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Farming, it’s a robot job!

For the first time robots have been used to plant and harvest. Credit: Harper Adams University

For most of our human history agriculture has provided the most of employment.

Depending on the Country over half, and up to two third, of the population was farming. This started to change with the development of commerce in the XVII century and changed even more with the Industrial Revolution that attracted more and more people to factories and it further changed with the “output” of the industrial revolution that mechanised the work in the fields requiring less and less human labour (see graph).

Decrease in labour force working in agriculture since 1300. Credit: Max Roser

Robotisation in the last part of the XX century has further decreased the need of manpower in farming that has reached an all time low of 1-2% overall employment.

Now Harper Adams University has demonstrated all robotised farming, from planting, weeding, tending and harvesting with zero human labour (if we disregard the robots maintenance, quite a different kind of job, requiring quite different skills). This is the result of the project Hands Free Hectare.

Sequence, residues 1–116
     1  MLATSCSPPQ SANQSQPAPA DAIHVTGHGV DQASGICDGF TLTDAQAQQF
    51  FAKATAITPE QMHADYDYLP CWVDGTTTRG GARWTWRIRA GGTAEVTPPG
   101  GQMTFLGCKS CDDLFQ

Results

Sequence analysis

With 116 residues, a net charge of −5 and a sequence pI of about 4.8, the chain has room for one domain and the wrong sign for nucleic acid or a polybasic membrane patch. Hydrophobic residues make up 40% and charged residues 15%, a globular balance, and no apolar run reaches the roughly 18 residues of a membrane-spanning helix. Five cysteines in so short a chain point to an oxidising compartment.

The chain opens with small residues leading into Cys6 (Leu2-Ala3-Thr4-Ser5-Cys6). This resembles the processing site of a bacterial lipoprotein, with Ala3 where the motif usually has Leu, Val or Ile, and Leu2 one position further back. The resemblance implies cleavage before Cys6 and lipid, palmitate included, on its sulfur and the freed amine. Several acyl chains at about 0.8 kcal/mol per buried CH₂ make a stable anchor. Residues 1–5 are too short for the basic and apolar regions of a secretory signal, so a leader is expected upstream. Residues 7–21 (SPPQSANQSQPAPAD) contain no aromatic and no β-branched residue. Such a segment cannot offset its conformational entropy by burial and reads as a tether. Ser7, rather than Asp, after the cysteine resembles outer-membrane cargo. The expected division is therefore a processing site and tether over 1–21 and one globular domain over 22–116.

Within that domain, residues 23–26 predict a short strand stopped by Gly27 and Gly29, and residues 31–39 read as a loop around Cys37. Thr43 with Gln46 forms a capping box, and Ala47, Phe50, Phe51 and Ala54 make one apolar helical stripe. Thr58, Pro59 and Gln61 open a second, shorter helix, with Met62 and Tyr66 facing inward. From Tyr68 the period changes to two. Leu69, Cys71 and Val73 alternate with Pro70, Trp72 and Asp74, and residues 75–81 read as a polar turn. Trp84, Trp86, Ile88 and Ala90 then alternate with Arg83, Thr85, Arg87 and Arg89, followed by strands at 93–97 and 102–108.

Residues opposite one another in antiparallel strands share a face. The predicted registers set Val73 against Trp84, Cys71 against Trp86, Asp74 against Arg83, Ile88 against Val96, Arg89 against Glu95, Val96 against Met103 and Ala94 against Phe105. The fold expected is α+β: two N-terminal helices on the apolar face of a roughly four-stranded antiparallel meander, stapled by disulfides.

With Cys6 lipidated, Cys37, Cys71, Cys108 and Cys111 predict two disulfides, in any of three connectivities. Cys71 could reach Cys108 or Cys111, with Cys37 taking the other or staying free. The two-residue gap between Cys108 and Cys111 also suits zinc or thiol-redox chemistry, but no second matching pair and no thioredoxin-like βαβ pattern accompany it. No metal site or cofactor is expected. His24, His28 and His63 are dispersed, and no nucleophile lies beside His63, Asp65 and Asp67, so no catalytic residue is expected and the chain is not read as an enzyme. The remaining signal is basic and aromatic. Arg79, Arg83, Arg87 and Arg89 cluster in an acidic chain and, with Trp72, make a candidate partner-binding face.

The demonstration was carried out in England, cultivating one acre and a half of barley without any farmer intervention.

The robo-farmers included autonomous vehicles and drones to identify the best lay out of ditches and depth of channels to irrigate the barley (precision agriculture) and then to dig them. They also took care of applying optimised quantity of fungicides, herbicides and fertilisers at the right time and where they were needed.

Interesting to note that the orchestration of the robots, to create an autonomous system was designed from scratch but several of the machines used where up to 25 years old (tractors and the likes) upgraded in the control part to be connected to the orchestrator.

About Roberto Saracco

Roberto Saracco fell in love with technology and its implications long time ago. His background is in math and computer science. Until April 2017 he led the EIT Digital Italian Node and then was head of the Industrial Doctoral School of EIT Digital up to September 2018. Previously, up to December 2011 he was the Director of the Telecom Italia Future Centre in Venice, looking at the interplay of technology evolution, economics and society. At the turn of the century he led a World Bank-Infodev project to stimulate entrepreneurship in Latin America. He is a senior member of IEEE where he leads the New Initiative Committee and co-chairs the Digital Reality Initiative. He is a member of the IEEE in 2050 Ad Hoc Committee. He teaches a Master course on Technology Forecasting and Market impact at the University of Trento. He has published over 100 papers in journals and magazines and 14 books.